Here's a little more info:Louisiana's Senate race could determine which party controls the upper chamber. But Rep. Bill Cassidy (R-La.), who is running to unseat Sen. Mary Landrieu (D-La.), thinks that more is at stake.
Louisiana requires that any candidate on the November ballot must win 50 percent of the vote in order to avoid a Dec. 6 runoff, which political observers predict is all but certain.
Cassidy referenced the possibility of a runoff in a town hall meeting in Mandeville, La. on April 11, suggesting that Russia's President Vladimir Putin is among the world leaders who might closely watch the period between the November election and December runoff. - Huffington Post, 4/22/14
Yeah, ok, whatever. While Cassidy's focused on that, Senator Mary Landrieu (D. LA) is focused on closing the Jindal Gap:During a Mandeville, La. town hall in April, Cassidy said that it's "likely" that after election day in November there will be 50 Republicans and 49 Democrats elected to the Senate.
"Now if [Landrieu] is reelected there will be 50 and 50 and under our constitution the Vice President Joe Biden will cast the deciding vote," Cassidy said, according to video published by the Huffington Post. "If I’m elected there will be 51 Republicans and the people of Louisiana have cast the deciding vote. For 30 days the entire world will be looking at Louisiana and that sounds a little bit like rhetoric but think about it."
Cassidy continued to explain which world leaders would be waiting for the election results in Louisiana.
"You don’t think Vladimir Putin is going to look to see if the Senate remains Democrat which is to say a rubber stamp for Barack Obama or if there is a Republican senate which would insist upon a strong military? The Chinese, the Iranians, the Israelis, they’re all going to be watching Louisiana for those 30 days," he said.
According to Cassidy, the race will go down in history.
"I like to think of the historian," he said. "She will be writing about this race 100 years from now and she will write about it and she will say in 2014 the country made the decision either to keep going to the left because Louisiana reelected Mary Landrieu 30 days after everyone else was elected, or she will write in 2014 the country made the decision to veer back to the right because Louisiana elected Bill Cassidy." - TPM, 4/22/14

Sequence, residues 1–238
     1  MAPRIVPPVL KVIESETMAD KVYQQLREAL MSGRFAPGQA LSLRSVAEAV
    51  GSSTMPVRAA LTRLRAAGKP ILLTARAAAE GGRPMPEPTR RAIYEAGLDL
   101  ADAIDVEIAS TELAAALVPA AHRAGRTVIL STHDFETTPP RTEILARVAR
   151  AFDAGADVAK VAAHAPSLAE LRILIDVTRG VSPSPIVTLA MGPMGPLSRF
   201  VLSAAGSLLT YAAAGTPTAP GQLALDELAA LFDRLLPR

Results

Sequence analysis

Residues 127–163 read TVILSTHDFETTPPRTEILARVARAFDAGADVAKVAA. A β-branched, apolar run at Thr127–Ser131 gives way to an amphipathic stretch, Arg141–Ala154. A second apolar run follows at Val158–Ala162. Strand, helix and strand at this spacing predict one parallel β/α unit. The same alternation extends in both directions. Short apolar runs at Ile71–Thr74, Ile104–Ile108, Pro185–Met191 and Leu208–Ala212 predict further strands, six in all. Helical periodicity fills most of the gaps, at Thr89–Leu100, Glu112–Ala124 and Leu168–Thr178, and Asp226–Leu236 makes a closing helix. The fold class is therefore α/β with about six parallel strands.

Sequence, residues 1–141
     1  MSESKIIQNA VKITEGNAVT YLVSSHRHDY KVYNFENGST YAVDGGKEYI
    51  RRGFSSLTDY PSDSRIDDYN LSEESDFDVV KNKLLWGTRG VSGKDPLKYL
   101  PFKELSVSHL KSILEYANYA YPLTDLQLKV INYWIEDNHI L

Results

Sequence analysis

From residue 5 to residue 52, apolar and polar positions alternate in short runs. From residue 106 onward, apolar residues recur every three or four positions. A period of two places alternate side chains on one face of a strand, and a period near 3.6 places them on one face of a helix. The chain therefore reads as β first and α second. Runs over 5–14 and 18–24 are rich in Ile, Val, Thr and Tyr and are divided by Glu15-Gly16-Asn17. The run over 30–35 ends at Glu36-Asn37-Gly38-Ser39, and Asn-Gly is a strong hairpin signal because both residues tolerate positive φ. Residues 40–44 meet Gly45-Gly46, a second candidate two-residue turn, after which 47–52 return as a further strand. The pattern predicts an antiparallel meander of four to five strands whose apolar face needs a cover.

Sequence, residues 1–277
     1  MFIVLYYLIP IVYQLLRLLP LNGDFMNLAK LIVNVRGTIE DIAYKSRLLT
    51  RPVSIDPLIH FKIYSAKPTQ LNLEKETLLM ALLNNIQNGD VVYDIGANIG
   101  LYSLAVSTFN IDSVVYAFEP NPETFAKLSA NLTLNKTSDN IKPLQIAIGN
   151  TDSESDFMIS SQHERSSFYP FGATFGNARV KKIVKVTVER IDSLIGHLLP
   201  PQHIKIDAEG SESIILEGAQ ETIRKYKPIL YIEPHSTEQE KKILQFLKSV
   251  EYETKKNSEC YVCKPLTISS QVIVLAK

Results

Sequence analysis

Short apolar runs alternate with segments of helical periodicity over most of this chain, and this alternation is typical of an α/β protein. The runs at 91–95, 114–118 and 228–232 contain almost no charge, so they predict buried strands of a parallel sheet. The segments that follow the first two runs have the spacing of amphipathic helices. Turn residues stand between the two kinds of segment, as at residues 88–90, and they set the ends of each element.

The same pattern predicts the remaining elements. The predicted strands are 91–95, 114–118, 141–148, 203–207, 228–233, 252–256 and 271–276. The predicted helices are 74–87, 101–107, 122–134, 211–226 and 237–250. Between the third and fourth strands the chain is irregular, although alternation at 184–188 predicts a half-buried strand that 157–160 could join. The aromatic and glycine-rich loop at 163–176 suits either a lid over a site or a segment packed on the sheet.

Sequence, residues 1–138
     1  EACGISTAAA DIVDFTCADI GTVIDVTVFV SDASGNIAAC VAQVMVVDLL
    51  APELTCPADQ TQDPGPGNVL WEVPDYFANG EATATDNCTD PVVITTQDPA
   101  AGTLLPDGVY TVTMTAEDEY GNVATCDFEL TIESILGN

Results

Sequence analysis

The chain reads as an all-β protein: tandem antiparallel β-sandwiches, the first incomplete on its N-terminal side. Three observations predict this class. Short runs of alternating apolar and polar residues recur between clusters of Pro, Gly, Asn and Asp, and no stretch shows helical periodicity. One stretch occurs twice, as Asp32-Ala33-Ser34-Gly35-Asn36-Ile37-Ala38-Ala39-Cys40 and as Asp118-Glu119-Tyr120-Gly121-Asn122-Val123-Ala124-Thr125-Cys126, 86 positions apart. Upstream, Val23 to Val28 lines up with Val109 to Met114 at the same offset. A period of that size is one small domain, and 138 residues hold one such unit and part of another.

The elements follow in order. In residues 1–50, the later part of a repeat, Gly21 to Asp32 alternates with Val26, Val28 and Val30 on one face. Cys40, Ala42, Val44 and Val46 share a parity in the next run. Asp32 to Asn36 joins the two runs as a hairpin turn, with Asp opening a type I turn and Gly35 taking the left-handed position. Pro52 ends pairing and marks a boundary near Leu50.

Click here to add your name:In order to have a strong workforce, we need a healthy workforce.
But unfortunately, Governor Bobby Jindal has put his own political ambitions ahead of Louisiana's workers and its economy. By refusing to accept $16 billion to expand access to health care, 240,000 hard-working Louisianians have fallen into the "Jindal Gap" -- where they earn too much to be covered by traditional Medicaid, but not enough to afford coverage in the new marketplaces.
Tomorrow, the Louisiana Senate Health and Welfare Committee will vote on a bill that would let the people of Louisiana -- not Governor Jindal's political ambitions -- drive the decision whether to accept the $16 billion to expand access to health care for working Louisianians.
SPEAK UP -- Tell the Louisiana Senate Health and Welfare Committee you support letting the people decide whether we should strengthen our workforce and support our hospitals.If the state legislature passes State Senator Ben Nevers' bill, SB 96, the people of Louisiana would be given the chance this November to vote on a constitutional amendment to say YES to $16 billion of their own money that's waiting for them in Washington and expand access to basic health care. And, if it passes, we can close the Jindal Gap, keep workers healthy, and grow our economy.
Independent studies show the infusion of this investment would not only provide access to health care for a quarter-million working individuals and families, but it would also create 15,600 jobs, add $1.6 billion in economic activity in 2016 alone (nearly the same impact as Louisiana's seafood industry), and provide $8 billion to support our hospitals, particularly those in rural parishes that need it most.
At a time when we are willing to move mountains to build a liquefied natural gas terminal to create 3,000 jobs or keep a call center in Bogalusa open to preserve 600 jobs, it should be an easy decision to say yes to 15,600 jobs.
We need to convince the Louisiana Senate Health and Welfare Committee to let the people of Louisiana make the decision. Join us today.
Governor Jindal has clearly put his own political future ahead of what's best for the future of Louisiana. That's why we need to let the people decide what is fair and whether they want to accept $16 billion to strengthen our workforce and economy.
Thank you for your support,
Friends of Mary Landrieu